The shoulder hurt more and more, his heart ached for Nikki who was thousands of miles away, and then Schu found out the referees were responsible for washing uniforms for both teams after each game. He was a confirmed bachelor all his life, doing his own wash; he didn’t need to do it for twenty others, too. He hung up his whistle after a couple of months.
His cell phone, with the battery recharged, rang a few weeks later with an opportunity that an old basketball coach couldn’t turn down: an offer to return to coaching, but with no recruiting and no game strategy. Show up. Look good. Make sure the Globetrotters win.
Looking good was never a problem for Schuberth. He was always the best-dressed guy in a room. Always. At coaching conventions, when others wore sweatsuits and shorts, Schu was in a suit with a pocket square. Not many guys in the gym knew what a pocket square was, but Schu had one for every suit. Few would mistake him for a college basketball coach. Most would think he was a capo in the Soprano army.
“I always liked clothes and fashion,” the devout Cubs fan said. “I never had a wife or a family so I spent my money on clothes.”
But looking good doesn’t make for good basketball when you are coaching against the Globetrotters, who last lost a game in 1971 when a clock malfunction spoiled a planned last second Meadowlark Lemon basket for the win. The clock operator was looking for work the next morning. Prior to that, the Globetrotters hadn’t lost a game since Adam posted-up Eve. Since then, the Washington Generals have been on a forty-seven year losing streak, almost as long as the Knicks.
The opportunity Schu had was to coach the World All-Stars née the Washington Generals. A legal dispute caused the Generals to change names last year. It has since been resolved and now the Globetrotters own the Generals, both literally and figuratively. The Globies have four touring groups and the coaching opportunity that opened for Schu was on the fourth tour, the mini-tour of the groupings. They played a sixty game schedule across the country from February through April and Schu’s team followed script and lost them all despite having a 7’8″ kid, the fifth tallest person in the world, on his side. He played D-III basketball in the hoops hotbed of Maine. How could you lose with a 7’8″ guy in the middle? Schu laughed, “He could dunk without leaving his feet but he couldn’t play much defense.”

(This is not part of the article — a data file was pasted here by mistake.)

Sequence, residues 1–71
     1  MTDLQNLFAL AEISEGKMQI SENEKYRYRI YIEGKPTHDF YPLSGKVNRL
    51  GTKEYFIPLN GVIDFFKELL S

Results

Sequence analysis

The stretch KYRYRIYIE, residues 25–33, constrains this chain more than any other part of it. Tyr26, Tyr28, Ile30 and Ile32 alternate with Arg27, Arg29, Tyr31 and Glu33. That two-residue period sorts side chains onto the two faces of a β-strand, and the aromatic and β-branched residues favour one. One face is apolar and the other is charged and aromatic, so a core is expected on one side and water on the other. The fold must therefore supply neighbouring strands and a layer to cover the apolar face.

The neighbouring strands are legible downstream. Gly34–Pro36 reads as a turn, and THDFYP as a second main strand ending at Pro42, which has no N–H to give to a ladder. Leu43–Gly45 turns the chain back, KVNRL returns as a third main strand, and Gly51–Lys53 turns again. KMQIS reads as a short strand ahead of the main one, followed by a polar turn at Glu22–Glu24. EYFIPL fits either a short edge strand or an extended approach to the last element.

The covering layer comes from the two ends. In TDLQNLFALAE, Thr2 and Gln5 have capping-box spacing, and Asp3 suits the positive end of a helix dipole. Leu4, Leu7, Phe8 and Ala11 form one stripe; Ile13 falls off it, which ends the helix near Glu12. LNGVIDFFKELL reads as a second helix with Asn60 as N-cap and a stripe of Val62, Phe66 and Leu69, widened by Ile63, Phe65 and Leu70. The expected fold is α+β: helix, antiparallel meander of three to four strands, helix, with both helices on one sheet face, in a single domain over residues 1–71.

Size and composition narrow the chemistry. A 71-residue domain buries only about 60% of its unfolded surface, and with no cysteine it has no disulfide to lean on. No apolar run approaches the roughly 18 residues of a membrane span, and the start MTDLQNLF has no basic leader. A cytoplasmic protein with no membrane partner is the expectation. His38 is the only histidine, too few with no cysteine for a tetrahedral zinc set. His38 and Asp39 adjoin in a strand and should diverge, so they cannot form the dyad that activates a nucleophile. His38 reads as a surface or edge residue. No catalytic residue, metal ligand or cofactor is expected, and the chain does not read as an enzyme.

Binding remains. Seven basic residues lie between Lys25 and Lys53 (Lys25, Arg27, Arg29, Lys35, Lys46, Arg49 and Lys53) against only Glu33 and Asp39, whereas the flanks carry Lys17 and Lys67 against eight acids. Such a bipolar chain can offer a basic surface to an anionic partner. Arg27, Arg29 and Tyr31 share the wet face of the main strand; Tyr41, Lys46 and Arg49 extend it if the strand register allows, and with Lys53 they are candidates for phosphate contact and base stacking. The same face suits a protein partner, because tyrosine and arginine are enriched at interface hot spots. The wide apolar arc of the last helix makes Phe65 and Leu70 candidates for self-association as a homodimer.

Despite his record, Coach wasn’t concerned about his job status. “Listen, the way I look at it is I wasn’t any worse than all the coaches they had before me,” he rationalized.
And he was right as a new contract awaited for the abbreviated 2018 winter schedule where he proceeded to lead the Generals to twenty straight losses, just the way they were supposed to.
For a guy who has completed over thirty marathons (including Boston) and has successfully outrun the bulls in Pamplona (which he admits was outright frightening but still easier than trying to beat the Globetrotters) and played in a Final Four and coached in the Sweet Sixteen, nothing was more nerve racking for Coach than last Wednesday night when his long losing streak finally came to an end.
He put a full court press on Nikki Pederson and on Valentine’s Day asked her to be something no one has ever been before: Mrs. Tom Schuberth.
She said “yes!”
It was, by far, the biggest win of Tom Schuberth’s illustrious coaching career and life.